Decimal reduction times at a given temperature to kill 1 log of yeast (DT) were estimated by heating 3 x 3 cubes obtained from heavy toasted 16 L barrels (French oak) in a water bath. The heated cubes were immediately placed in sterile bags and allowed to cool to room temperature for at least 24 hours. Wood shavings were then prepared using a sterilized 2.5 cm Forstner drill bit, which bored 2 mm holes in increments. The shavings were collected and transferred into 25 mL EBB medium, to incubation at 20°C with shaking (100 rpm) for 12 hours to remove cells from oak before determination of yeast culturability.

All equipment used (table and band-saws, Forstner drill bits, heating plate, etc.) were regularly sanitized using 70% v/v ethanol.

Analyses

Culturability was determined using both manual and spiral plate methods (Autoplate 4000 spiral plater, Spiral Biotech, Bethesda, MD), and Wallerstein Differential medium (Difco, Detroit, MI). After incubation at 27°C for six days, colonies were counted and tentatively identified based on physical appearance as well as cellular morphologies viewed with phase-contrast microscopy. Identification of randomly selected colonies (three per barrel) was later confirmed using genetic ITS sequencing (MIDI Labs, Newark, DE).

Chemical analyses (pH, titratable acidity and SO2) were performed by standardized methods (Edwards & Watson, 2013); 4-ethylphenol (4-EP) and 4-ethylguaiacol (4-EG) by gas chromatography-mass spectroscopy (Jensen et al., 2009); ethanol using an ebulliometer (Alla, Chemillé, France).

Analysis of variance (ANOVA) and Tukey's HSD for mean separation was determined at p<0.05 using XLSTAT software (Addinsoft, New York, NY).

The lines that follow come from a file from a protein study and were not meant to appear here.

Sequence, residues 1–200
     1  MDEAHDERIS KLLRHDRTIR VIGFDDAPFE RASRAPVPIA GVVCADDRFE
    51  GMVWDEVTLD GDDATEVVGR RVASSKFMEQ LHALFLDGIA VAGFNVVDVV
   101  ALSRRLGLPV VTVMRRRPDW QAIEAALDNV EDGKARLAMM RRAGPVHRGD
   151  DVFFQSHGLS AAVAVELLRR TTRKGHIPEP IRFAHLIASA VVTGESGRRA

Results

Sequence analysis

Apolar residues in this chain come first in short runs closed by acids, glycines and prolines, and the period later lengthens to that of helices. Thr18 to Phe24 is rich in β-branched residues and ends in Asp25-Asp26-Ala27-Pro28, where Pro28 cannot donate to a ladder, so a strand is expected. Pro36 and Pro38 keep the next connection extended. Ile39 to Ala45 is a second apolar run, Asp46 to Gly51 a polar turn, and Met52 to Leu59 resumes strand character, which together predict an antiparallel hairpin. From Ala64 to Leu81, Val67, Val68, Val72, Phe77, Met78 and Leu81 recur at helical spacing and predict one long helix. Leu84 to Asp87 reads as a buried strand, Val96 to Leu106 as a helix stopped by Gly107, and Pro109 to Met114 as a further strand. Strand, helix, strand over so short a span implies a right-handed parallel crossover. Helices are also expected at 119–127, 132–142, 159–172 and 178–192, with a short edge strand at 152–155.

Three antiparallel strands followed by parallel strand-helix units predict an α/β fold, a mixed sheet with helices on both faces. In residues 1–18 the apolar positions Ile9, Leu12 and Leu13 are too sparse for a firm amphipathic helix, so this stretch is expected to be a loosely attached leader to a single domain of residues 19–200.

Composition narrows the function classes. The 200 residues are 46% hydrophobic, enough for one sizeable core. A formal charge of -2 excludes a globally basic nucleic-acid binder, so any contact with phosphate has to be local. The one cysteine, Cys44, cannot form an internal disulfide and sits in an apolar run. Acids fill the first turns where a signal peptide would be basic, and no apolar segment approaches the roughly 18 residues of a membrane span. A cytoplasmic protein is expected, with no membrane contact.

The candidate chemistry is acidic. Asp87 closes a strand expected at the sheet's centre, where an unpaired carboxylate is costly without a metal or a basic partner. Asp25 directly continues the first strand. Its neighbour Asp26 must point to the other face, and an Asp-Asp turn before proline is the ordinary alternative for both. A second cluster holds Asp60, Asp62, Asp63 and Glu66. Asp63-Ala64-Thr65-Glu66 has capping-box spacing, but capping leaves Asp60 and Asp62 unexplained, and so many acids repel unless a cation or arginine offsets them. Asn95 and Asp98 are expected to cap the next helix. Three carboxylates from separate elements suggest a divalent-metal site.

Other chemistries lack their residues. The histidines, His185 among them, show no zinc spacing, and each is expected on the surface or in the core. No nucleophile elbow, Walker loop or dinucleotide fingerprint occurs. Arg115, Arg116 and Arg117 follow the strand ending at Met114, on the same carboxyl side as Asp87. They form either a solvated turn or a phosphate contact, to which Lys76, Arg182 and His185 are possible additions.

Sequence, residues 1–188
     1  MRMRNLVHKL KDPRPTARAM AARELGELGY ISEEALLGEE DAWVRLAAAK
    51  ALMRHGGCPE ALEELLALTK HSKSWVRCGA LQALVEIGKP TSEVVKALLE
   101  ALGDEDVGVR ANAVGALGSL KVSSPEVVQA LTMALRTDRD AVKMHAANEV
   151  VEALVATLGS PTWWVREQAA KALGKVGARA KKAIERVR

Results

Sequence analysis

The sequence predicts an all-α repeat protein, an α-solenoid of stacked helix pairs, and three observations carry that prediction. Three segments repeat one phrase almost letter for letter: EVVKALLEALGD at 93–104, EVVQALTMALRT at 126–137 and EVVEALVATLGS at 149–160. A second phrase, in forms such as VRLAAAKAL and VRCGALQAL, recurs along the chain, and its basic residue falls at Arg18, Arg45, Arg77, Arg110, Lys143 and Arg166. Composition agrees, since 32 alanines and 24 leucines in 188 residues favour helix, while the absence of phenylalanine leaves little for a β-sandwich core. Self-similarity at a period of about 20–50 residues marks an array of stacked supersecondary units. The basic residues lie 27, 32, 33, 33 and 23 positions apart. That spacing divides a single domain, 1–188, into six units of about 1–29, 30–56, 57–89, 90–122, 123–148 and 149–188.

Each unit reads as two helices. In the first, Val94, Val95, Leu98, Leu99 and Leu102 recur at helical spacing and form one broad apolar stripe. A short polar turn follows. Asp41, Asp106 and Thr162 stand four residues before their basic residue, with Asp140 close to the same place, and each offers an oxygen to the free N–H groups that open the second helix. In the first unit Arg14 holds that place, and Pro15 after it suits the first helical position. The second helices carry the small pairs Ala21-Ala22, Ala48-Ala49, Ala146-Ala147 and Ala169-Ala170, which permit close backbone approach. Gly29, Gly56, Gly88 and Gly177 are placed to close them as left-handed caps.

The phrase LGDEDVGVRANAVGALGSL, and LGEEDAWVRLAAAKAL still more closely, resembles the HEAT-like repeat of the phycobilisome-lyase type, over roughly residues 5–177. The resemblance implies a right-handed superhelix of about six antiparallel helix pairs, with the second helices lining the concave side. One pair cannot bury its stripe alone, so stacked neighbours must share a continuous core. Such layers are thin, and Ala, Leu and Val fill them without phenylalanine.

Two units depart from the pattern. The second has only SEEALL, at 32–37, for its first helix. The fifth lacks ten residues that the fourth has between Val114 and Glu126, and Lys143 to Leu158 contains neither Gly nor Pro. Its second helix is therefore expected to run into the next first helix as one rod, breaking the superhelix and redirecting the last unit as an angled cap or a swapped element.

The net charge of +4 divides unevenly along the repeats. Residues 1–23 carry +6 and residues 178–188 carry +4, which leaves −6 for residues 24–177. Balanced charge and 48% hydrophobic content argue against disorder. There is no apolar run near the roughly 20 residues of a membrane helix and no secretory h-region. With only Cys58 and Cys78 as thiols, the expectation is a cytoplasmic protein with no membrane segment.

RESULTS AND DISCUSSION

Heating staves

Increases in temperature of the 3 x 3 cubes at different layers during water heating depended primarily on stave depth, not on oak species or the toasting level. In fact, since American and French oak from 16 L barrels heated almost identically (p<0.05), data were pooled to further assess heating profiles within staves (Fig. 1). Typically, innermost surfaces directly in contact with water reached the treatment temperature within <5 minutes, while furthermost surfaces (>20 mm) remained below 30°C, similar to the observations regarding 225 L barrels (data not shown). At 9.5 mm, a stave depth slightly beyond where B. bruxellensis has been recovered (Malfeito-Ferreira et al., 2004; Barata et al., 2013; Cartwright et al., 2018), heated treatments of 50°C (Fig. 1A) or 60°C (Fig. 1B) resulted in maximum temperatures of 35° or 47°C after 45 minutes, respectively. However, shorter times of 25 minutes or 15 minutes were required at 70° (Fig. 1C) or 80°C (Fig. 1D), respectively, in order to reach >50°C. Cubes never attained >60°C at 9.5 mm depths within 45 minutes. Temperatures higher than those have been reported by Cartwright et al. (2018) for the same oak staves, but were heated by steam.